Australian parrots and their large South American relatives. A colourful report for the on-board journal of the French air company UTA.
English translation by Mario Beltramini
Europe is the only continent lacking of parrots. They were there during the oligocene, about 50 millions of years ago, but, nowadays, they are found only in Centre-South America, Africa, India, Indonesia, and in the entire Oceania. The Australian ones are the most beautiful. Let us see some of them.
Gang-gang cockatoo (Callocephalus fimbriatum)
It reveals often its presence with a light rain of shells of eucalyptus seeds, which fall down, insistently, from the trees where it’s placed. The shells are much harder than their contents, which is smaller than a seed of millet, and the gang-gangs, in order to nourish themselves, have to open thousands of them, every day. We must not be surprised, then, that they are almost dumb, busy as they are, in skinning and chewing seeds the whole day round.
Indeed, contrary to other parrots, mostly noisy, the gang-gang emits only light cracklings, almost imperceptible, just to keep the contact with the group in the thick forests where it lives.
When you have the luck to meet it, in the mountain areas between Adelaide and Sydney, you can usually approach it till 2-3 metres. Thanks to the particular alimentary diet, which keeps it far away from fields and orchards, it has never been chased by man…. and therefore it does not fear him.
Australian king parrot (Alisterus scapularis)
They fly in small groups or in pairs. The females and immature young specimen have an unassuming green and brown livery, while adult males display sparkling fiery red plumes on the head and the abdomen, with green wings and a blue tail.
Crimson rosella (Platycercus elegans)
In the forest of Tambourine, in Lamington National Park, it’s easy to come across the Crimson rosellas. They are greedy of the flowers of the forest and… the sweets offered by the tourists, guests of the “O’Reillys’s Guest House”, a small welcoming refuge in the heart of the rainy forest.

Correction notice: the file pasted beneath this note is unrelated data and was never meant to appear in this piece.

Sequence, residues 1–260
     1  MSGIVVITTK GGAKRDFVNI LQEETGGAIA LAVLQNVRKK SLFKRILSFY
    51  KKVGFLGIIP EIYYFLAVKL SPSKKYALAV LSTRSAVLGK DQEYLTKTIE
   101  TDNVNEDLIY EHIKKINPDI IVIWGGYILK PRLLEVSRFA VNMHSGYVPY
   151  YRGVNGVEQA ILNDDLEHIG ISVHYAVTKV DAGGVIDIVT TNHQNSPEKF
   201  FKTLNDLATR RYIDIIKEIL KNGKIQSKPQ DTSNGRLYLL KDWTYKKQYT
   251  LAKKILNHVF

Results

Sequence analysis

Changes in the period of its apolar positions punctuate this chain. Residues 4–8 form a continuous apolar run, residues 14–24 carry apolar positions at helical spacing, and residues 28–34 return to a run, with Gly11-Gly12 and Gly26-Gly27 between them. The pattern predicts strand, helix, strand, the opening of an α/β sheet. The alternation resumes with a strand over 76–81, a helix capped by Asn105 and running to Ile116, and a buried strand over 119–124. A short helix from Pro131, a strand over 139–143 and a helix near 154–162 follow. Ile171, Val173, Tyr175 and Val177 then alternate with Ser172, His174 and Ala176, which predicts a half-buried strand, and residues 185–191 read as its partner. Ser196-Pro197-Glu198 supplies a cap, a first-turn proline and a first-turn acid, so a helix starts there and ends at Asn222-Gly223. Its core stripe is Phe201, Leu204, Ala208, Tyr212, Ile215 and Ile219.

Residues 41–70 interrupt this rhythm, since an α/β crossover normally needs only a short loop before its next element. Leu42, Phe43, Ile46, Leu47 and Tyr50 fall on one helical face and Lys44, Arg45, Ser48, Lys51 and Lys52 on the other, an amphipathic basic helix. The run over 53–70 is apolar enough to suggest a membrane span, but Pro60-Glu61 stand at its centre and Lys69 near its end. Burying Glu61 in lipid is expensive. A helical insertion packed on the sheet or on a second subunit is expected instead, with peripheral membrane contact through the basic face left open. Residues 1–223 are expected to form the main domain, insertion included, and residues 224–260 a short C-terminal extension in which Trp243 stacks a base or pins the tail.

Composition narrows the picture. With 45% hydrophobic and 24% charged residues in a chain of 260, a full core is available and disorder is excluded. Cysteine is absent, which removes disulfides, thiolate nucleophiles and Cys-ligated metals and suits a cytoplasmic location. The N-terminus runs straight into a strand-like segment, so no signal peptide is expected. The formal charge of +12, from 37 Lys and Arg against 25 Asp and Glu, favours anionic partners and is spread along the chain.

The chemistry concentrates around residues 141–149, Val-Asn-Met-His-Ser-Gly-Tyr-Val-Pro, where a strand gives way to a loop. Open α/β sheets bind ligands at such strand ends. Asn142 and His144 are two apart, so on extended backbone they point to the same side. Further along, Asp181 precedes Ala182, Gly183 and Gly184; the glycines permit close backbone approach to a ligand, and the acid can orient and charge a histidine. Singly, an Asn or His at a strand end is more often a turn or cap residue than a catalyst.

Red-winged parrot (Aprosmictus erythropterus), and Black-capped lory (Lorius Lory)
Along the water courses which pass through the forest, it is also possible to meet the red-winged parrot, with a bright green and red livery. Its distribution area extends northward till New Guinea. Papua gives hospitality to the famous Lories, with their even more showy colours.
Sulphur-crested cockatoo (Kakatoe galerita)
Very much spread out in Australia, the sulphur-crested cockatoos are a real calamity. At the time of the reproduction, they meet by thousands… and during their raids, they can destroy a harvest in few hours.
They go through, like white clouds, tens of kilometres per day, looking for seeds, fruits, and vegetables, and, when they land all together on a tree, this one could be thought to be an enormous bunch of flowers.
Budgerigar (Melopsittacus undulates)
The well known common pet parakeet, is native from the arid and semi desert areas of the centre of Australia.
Rainbow lorikeet (Trichoglossus haematodus) and Scaly-breasted lorikeet (Trichoglossus chlorolepidotus)
At Currumbin, near Brisbane, Queensland, on the eastern coast of Australia, the tourists can be present, every day, at spectacular multicoloured flights of the lorikeets, thousands of them.
In the central zone of the park, at fixed timings, hundreds of persons stare the sky, holding with a hand small metallic plates containing a “sweetish soup”. Suddenly, the sun disappears behind a cloud of multicoloured parrots, which come down, nosedive. They land on the border of the plates, drink eagerly the wishy-washy soup the keepers have prepared, while, for want of room, the others try to land or wait for their turn, on the shoulders or the heads of the tourists.
A loudspeaker explains that they are coming from a close by forest, and that in nature, they feed of flowers rich of nectar, fruits, and seeds. They nidify in the hollows of the trees, laying the eggs directly on the wood.. and that, when two months old, the young are already able to join their parents in the animated “small plates hunting”.
The American relatives
In America, Macaws, the “giants” in the world of parrots, are also spectacular and colourful. Species like the Hyacinth macaw (Anodorhynchus hyacinthinus), which is more than one metre long, the Green-winged macaw (Ara chloroptera), more coloured than a painter’s palette, the Blue-and-yellow macaw (Ara ararauna), with males so ardent to get the cheeks red coloured, and the Military macaw (Ara militaris), in green uniform with the “red cap”, and a very unpleasant “barracks’ voice”.
© Giuseppe Mazza
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